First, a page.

A while ago I had joined a study group for a different class. I met a guy through it and he asked me what I was using to take notes on my computer, so I explained what Anki was. The second time we met, he told me that he had tried Anki but didn't like it. That it wasn't "his thing". I asked why, to which he responded he didn't think it was worth the effort, he didn't care about the subject the class was teaching.

A few minutes later we both took a practice test. I scored 100%, he scored 80%.

Positivity plays a big role in self-discipline. It means instead of fighting what you have to do, you should learn to take part and find the enjoyment in what you do. Take pride in your work and find the best in your situation. I like to think that I have exceptionally good discipline in school largely because I can develop an interest in any subject. From the most boring math class to the sleeping pill of world history, I will see the positive in everything and be able to develop an interest in it.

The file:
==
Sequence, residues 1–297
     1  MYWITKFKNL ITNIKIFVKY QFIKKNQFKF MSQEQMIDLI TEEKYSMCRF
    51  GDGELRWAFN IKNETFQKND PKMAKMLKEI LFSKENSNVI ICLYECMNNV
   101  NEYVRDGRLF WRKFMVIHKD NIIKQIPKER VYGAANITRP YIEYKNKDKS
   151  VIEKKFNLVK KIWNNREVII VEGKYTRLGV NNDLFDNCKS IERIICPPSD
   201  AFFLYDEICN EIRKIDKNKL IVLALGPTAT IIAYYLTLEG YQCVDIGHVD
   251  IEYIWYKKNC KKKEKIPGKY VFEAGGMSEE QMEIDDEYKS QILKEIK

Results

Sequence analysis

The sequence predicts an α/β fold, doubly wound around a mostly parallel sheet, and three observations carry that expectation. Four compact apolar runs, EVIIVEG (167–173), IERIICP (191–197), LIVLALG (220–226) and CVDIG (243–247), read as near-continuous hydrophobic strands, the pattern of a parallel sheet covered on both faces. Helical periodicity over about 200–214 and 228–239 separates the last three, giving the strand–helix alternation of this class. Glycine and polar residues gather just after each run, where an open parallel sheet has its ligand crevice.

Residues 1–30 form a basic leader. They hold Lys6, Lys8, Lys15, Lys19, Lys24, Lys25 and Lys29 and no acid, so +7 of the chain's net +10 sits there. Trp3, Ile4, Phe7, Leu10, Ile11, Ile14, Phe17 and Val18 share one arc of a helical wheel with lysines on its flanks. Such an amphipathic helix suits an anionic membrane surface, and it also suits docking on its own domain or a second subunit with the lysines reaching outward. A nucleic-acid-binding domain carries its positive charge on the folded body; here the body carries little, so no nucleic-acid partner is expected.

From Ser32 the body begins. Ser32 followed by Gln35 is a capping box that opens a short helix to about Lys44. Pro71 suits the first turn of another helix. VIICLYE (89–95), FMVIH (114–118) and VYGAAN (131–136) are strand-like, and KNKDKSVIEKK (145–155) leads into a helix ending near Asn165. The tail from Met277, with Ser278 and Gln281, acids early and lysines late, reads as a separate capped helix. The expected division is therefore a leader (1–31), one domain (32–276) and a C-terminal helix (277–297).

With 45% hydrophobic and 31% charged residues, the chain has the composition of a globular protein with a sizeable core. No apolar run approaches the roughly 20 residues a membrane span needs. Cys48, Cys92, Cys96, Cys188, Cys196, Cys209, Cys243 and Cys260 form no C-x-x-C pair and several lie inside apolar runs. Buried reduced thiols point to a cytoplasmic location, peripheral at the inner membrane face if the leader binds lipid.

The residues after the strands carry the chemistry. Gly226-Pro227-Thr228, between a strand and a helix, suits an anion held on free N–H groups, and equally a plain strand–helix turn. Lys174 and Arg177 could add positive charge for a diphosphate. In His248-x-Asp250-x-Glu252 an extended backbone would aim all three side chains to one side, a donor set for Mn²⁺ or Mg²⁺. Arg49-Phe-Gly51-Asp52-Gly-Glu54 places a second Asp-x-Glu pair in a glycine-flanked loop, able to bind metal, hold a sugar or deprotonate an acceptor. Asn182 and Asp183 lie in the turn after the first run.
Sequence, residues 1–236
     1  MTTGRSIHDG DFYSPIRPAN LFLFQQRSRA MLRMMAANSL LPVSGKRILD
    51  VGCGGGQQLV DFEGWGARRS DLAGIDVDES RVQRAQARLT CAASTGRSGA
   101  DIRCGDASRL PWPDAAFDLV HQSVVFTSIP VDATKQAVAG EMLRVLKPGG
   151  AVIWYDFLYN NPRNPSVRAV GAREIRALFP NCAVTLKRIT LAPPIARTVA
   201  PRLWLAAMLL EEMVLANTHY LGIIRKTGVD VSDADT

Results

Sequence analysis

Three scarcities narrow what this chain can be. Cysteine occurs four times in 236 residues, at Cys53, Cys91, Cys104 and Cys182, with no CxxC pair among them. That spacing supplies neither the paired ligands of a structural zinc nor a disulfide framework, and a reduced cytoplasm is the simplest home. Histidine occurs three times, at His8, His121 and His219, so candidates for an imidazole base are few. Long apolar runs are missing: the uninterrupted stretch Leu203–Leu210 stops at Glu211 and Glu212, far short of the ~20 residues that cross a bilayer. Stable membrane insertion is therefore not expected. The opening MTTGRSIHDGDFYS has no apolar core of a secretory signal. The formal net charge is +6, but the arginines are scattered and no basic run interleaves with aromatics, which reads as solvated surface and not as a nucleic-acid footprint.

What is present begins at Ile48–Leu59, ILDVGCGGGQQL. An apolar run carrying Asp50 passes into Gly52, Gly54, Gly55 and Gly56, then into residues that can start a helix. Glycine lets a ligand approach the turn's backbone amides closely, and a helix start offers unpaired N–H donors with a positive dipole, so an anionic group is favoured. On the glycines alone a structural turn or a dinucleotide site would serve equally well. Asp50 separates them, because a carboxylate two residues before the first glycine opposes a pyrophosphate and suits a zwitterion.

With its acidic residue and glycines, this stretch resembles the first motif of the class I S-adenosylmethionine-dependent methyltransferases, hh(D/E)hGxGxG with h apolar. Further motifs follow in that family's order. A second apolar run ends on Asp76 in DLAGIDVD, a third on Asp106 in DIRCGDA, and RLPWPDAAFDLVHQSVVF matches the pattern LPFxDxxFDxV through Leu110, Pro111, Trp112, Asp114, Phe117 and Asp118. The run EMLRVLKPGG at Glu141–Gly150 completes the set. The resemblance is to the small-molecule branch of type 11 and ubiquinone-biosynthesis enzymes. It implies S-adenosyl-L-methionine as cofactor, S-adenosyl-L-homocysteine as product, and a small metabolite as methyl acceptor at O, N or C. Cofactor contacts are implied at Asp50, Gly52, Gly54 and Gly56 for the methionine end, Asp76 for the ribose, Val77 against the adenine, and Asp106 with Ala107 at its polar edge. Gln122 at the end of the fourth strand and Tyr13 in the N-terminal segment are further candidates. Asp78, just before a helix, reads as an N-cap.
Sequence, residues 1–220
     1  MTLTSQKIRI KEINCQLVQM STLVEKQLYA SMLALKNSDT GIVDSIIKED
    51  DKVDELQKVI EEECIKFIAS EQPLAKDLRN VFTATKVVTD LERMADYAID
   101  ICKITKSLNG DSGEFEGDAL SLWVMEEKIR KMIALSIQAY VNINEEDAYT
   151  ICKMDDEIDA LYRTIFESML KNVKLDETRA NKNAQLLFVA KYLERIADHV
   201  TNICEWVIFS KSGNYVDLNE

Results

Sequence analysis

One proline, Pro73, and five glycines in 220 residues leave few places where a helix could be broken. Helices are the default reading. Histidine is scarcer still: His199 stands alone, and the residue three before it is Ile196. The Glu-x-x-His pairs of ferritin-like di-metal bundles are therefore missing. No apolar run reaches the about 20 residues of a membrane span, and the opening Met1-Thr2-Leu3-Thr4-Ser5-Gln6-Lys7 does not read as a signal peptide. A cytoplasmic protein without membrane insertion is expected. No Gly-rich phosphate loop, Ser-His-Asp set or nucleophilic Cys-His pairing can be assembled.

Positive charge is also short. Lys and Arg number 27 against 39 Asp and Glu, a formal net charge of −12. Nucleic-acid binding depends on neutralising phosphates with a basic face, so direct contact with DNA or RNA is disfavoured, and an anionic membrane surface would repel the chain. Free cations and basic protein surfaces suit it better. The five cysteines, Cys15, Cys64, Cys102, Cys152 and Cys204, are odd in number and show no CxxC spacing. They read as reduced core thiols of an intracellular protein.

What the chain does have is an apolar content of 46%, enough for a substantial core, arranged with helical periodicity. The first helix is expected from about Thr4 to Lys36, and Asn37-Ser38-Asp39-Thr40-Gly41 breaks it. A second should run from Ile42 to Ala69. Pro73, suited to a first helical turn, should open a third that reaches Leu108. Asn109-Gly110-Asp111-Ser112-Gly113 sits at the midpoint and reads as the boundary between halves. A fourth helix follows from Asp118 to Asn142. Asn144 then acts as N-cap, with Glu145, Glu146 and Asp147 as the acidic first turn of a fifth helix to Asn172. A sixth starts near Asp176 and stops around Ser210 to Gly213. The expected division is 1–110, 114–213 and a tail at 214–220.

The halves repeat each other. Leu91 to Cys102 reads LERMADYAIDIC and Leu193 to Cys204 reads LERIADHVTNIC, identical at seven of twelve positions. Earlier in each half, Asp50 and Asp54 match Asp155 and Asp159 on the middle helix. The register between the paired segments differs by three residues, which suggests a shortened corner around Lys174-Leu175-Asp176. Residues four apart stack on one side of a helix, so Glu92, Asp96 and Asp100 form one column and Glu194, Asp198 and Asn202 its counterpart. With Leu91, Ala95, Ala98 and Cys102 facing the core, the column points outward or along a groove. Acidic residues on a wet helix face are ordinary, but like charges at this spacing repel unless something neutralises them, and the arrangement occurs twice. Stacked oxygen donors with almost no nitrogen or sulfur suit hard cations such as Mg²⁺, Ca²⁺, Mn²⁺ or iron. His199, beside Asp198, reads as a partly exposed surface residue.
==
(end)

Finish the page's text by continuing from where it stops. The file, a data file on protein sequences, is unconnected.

If goal setting is the life in what you do, positivity is the blood that sustains.

In Japanese staying to the positive means developing interest. Instead of thinking of Japanese as a task to overcome as fast as possible, it means finding the positive and fun in the journey. Every English temptation you pull yourself away from means an awesome Japanese temptation to reward you.